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‘25 Saints’ a hellish affair

‘25 Saints’


When: Through March 31

Where: Pine Box Theater at the Greenhouse Theater Center, 2257 N. Lincoln

Tickets: $25

Info: (773) 404-7336;

Run time: 85 minutes, with no intermission

Updated: February 24, 2013 10:30AM

In the opening moments of “25 Saints,” Joshua Rollins’ dreadful, altogether belief-defying play, two guys carry an already bloodied fellow into a tattered Appalachian shack and proceed to bludgeon him to what they believe is his death — first with their fists, and then, for good measure, with a hammer. This deed accomplished, they stuff him into a wooden trunk (an heirloom, we are later told), and, just to make sure he has breathed his last, they hold down the lid for a good long time.

So, you really have to ask: Where can you go from there? And I will tell you: Not very far. The next 80 minutes of this world premiere production by Pine Box Theatre, directed by Susan E. Bowen, only gets worse. Much worse.

The perpetrators of the snuffing — Charlie (Drew Johnson), a college grad, and Tuck (Josh Odor), a veteran with a damaged arm — happen to be operating a meth lab in their living room. Before leaving this town behind they’re trying to get free and clear of a big debt left by Charlie’s no-good brother, Trevor, who also left his girlfriend, Sammy (Caroline Neff), in the lurch. Charlie just happens to be crazy in love with Sammy, a relationship that will do him no good.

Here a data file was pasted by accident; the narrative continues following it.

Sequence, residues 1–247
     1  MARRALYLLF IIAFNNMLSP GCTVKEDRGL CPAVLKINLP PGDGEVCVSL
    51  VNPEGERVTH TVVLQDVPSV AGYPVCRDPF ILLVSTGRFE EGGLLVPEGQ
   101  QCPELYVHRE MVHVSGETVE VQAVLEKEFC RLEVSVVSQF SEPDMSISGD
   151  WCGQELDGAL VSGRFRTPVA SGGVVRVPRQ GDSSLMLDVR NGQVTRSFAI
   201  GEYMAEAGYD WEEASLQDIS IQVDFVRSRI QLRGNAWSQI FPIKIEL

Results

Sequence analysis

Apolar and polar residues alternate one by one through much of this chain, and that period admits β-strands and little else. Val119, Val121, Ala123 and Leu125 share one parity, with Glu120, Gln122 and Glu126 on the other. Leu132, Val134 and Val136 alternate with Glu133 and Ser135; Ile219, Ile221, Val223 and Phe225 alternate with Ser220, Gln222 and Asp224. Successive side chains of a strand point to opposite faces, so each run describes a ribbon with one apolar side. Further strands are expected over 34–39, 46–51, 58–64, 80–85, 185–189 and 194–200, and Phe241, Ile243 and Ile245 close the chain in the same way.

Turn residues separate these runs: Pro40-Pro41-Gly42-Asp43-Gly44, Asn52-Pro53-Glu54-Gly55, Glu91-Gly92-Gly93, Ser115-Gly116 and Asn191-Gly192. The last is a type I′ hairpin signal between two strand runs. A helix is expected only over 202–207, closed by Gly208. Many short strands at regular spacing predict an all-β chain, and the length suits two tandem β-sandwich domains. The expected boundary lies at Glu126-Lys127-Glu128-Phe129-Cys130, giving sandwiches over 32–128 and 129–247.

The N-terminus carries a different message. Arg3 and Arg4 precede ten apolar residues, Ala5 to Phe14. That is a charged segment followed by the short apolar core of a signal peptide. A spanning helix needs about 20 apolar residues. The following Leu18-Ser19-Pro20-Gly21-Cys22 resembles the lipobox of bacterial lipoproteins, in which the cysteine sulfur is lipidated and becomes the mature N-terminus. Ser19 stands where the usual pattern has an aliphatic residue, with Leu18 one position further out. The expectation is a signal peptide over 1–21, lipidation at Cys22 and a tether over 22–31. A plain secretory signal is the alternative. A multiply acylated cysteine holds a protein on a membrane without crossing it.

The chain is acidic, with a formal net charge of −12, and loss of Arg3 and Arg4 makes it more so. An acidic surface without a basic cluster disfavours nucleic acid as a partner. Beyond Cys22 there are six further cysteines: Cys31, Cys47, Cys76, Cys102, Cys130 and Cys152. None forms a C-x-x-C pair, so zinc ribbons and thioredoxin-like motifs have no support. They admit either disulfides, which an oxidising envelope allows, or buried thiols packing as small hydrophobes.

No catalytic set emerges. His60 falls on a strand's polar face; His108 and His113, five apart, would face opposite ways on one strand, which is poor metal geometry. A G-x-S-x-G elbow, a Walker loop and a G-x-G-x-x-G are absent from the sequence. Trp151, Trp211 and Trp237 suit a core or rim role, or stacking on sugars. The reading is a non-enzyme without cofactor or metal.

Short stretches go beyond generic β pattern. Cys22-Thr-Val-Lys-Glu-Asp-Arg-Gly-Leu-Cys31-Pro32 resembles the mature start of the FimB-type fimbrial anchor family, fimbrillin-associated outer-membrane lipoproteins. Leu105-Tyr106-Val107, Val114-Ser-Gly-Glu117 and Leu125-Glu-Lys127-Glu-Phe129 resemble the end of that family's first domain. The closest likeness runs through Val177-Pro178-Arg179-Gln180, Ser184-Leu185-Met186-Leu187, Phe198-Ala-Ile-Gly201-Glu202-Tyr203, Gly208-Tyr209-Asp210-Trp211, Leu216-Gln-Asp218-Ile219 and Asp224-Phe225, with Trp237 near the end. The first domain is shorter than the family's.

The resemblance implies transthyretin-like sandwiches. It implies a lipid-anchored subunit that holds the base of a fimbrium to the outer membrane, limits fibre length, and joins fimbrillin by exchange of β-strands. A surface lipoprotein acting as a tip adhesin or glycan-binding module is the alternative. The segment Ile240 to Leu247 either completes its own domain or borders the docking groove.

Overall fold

As for that body in the trunk, it belongs to the town’s deputy sheriff (John Ross Wilson, who gets off easy given that he can drop out of the play at this point). Running the meth ring is the real sheriff (Danny Goldring), a master of corruption and cruelty in this down-and-out, stripmined, town of dead dreams.

The sheriff’s “henchwoman” is the salty Ms. Duffy (Molly Reynolds). A scrawny young meth addict, Sasha (Ashley Neal, who makes the most of one great bit that catalogues the downward spiral of life in this West Virginia town), is the local pizza delivery girl.

Suffice it to say, there is more. But your life will not be better for reading about it.

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